Gender norms can play a huge role in the spread of HIV, too — women are often denied the ability to refuse sex with their partners, and lack the resources to seek medical treatment if they do think that they have been infected.And I'm not just talking about other countries here — 20 percent of new HIV infections in the U. are contracted by women each year, primarily via heterosexual contact. Sure, we've come a long way — but women are still at a sharp disadvantage in many arenas of life, including health.While women have a longer life expectancy than men in almost all countries, that doesn't necessarily mean that they get to enjoy healthier lives.When the data is broken down by gender, the differences are stark.Although women make up only 7 percent of the prison population, 66 percent of women in prison reported having a history of a mental disorder, almost twice the percentage of men in prison.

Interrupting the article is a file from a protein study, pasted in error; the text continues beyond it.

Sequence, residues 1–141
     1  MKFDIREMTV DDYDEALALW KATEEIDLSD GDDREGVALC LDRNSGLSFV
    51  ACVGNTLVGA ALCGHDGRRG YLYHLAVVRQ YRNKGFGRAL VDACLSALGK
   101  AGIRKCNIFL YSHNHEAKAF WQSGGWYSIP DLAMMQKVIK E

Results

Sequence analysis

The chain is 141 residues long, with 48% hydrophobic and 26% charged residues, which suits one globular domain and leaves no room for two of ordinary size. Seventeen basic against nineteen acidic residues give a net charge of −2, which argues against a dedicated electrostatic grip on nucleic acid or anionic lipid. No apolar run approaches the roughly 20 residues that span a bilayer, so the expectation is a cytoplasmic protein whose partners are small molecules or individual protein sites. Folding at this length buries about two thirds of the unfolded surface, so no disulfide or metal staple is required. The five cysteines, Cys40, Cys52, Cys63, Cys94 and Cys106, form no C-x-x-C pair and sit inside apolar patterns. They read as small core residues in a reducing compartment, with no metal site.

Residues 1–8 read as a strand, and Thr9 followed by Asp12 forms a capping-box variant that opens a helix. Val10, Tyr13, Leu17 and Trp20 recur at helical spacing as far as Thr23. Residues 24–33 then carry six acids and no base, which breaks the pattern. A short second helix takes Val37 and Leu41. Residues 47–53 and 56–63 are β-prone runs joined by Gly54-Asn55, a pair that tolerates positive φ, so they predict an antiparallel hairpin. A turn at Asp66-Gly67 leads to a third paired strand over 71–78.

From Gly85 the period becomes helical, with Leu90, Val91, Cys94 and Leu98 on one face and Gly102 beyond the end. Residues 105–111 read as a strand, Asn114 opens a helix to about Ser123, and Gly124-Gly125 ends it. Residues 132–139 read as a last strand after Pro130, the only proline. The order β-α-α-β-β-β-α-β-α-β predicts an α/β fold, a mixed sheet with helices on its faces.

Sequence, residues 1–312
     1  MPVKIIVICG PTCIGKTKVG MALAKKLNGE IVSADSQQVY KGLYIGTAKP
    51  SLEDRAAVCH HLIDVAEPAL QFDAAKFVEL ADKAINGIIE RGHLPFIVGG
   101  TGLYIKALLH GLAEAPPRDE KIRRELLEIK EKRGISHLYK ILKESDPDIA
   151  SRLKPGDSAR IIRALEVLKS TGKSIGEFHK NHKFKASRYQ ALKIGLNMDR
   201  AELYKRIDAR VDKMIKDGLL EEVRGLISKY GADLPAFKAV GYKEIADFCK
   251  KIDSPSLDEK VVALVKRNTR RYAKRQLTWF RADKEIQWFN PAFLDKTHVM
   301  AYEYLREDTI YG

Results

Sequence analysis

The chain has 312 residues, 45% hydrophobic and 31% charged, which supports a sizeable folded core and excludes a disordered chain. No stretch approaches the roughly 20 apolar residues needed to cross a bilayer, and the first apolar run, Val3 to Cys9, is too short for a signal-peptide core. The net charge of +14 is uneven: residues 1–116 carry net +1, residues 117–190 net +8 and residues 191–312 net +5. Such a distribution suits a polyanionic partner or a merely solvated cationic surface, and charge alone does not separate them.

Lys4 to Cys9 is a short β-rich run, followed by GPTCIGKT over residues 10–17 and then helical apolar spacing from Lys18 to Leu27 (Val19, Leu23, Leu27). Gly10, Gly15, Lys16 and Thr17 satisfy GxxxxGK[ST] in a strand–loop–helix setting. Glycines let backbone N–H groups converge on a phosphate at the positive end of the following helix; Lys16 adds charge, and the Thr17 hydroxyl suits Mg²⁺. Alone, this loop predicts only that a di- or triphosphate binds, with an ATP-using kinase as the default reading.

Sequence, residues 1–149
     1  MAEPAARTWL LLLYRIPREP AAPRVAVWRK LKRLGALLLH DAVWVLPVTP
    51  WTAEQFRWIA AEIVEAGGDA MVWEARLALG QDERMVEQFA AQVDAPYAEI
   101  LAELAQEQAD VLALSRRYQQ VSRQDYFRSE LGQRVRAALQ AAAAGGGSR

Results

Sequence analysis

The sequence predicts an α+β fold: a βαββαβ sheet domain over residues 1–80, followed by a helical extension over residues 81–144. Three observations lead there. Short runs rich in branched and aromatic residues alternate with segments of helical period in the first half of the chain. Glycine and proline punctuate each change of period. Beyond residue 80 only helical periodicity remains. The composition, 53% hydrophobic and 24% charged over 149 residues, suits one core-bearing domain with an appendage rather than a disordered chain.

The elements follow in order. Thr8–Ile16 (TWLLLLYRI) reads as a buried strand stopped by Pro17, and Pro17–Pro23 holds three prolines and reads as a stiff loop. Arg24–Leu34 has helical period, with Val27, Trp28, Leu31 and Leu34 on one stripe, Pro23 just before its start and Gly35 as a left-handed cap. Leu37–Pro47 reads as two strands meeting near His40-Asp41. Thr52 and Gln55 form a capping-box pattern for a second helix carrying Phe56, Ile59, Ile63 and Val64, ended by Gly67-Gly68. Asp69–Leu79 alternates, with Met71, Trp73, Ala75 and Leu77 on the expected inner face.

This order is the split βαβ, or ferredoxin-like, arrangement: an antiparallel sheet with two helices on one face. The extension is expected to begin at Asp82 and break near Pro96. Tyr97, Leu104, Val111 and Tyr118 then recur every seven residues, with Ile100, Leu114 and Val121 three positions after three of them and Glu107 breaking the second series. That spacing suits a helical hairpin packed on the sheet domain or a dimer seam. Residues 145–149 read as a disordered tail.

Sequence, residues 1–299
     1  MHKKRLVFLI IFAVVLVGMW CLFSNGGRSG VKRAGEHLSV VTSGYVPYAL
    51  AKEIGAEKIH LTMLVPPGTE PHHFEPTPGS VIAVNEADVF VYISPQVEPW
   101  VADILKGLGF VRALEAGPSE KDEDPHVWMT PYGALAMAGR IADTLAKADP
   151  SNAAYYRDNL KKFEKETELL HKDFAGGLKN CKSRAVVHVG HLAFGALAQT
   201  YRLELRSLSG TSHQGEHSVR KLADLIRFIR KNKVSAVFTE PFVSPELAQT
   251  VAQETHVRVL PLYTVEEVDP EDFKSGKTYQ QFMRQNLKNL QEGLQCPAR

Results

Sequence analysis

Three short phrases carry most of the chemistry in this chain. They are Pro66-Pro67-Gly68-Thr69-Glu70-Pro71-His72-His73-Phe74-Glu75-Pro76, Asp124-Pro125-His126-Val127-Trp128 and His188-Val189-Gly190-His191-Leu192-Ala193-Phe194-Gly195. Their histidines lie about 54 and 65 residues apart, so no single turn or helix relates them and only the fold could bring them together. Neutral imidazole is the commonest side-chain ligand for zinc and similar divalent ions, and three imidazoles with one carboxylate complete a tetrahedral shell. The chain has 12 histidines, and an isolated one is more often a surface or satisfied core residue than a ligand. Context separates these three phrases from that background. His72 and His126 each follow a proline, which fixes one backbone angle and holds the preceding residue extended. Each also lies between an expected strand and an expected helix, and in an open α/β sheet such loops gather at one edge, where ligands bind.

Half of the 35 million people living with HIV/ AIDS across the world are women — but in some areas, like sub-Saharan Africa, women can make up as much as 61 percent of the HIV/AIDS-afflicted population.
Citing a 2015 study on New York City’s jail mental health services, Cohen pointed out that at Rikers, “older white men were directed towards mental health services, while younger black and Hispanic men were directed to solitary confinement, and self harm.
I don't think that fact reflects different rates of mental illness, I think it demonstrates racial bias." Advocates for the incarcerated argue that for all people in prisons and jails — more than 2 million people nationwide — mental health services are lacking at best.
While malnutrition impacts two billion people worldwide, it hits women particularly hard.
Women with vitamin deficiencies are more likely to die during childbirth — and since half of all pregnant women in the developing world have anemia, malnutrition is the culprit behind 110,000 deaths during childbirth each year.